Two periods of our early history promise most for the future of English literature--the end of the seventh with the eighth century; the end of the twelfth century with the thirteenth.
In the first a flourishing vernacular poetry is secondary in importance to the intellectual accomplishment of men like Bede and Alcuin (to name only the greatest and the last of a line of scholars and teachers) who, drawing their inspiration from Ireland and still more from Italy direct, made all the knowledge of the time their own, and learned to move easily in the disciplined forms of Latin prose.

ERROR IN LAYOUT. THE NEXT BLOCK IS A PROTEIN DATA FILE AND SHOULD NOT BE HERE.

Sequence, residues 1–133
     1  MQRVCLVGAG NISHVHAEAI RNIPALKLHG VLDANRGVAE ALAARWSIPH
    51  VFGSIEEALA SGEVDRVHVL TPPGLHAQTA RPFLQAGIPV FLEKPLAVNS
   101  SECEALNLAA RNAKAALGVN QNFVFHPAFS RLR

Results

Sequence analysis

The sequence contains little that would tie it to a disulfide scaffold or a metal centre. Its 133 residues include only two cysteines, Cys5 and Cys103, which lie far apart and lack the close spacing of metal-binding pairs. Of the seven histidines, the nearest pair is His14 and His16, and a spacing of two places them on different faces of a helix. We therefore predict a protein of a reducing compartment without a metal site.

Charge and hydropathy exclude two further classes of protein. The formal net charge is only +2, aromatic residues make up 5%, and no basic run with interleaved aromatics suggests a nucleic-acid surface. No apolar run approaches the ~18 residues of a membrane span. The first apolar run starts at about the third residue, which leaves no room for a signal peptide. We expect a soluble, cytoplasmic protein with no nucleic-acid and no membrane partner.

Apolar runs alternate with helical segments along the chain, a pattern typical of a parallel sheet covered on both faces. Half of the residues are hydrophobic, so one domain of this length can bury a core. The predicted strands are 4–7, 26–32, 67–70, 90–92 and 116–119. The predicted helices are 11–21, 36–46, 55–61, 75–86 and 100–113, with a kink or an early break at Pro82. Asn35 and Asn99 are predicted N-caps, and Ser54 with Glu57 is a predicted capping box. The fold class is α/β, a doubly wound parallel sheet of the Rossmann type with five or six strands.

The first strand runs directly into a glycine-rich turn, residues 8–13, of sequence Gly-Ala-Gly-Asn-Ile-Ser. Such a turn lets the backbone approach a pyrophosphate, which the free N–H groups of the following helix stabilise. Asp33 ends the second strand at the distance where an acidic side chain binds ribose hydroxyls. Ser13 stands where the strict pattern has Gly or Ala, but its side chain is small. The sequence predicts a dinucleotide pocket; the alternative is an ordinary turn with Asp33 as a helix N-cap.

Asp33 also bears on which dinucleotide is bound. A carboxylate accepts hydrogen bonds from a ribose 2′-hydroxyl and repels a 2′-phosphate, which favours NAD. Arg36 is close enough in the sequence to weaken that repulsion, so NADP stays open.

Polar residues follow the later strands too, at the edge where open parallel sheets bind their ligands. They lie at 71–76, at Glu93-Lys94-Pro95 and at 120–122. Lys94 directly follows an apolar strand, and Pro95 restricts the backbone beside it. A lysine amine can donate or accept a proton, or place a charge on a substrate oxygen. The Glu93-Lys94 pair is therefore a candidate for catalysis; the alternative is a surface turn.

During the second the impulse again came from without. In twelfth-century France the creative imagination was set free. In England, which from the beginning of the tenth century had depended more and more on France for guidance, the nobles, clergy, and entertainers, in whose hands lay the fortunes of literature, had a community of interest with their French compeers that has never since been approached. So England shared early in the break with tradition; and during the thirteenth century the native stock is almost hidden by the brilliant growth of a new graft.
Every activity of the mind was quickened. A luxuriant invention of forms distinguished the Gothic style in architecture. All the decorative arts showed a parallel enrichment. Oxford (at least to insular eyes) was beginning to rival Paris in learning, and to contribute to the over-production of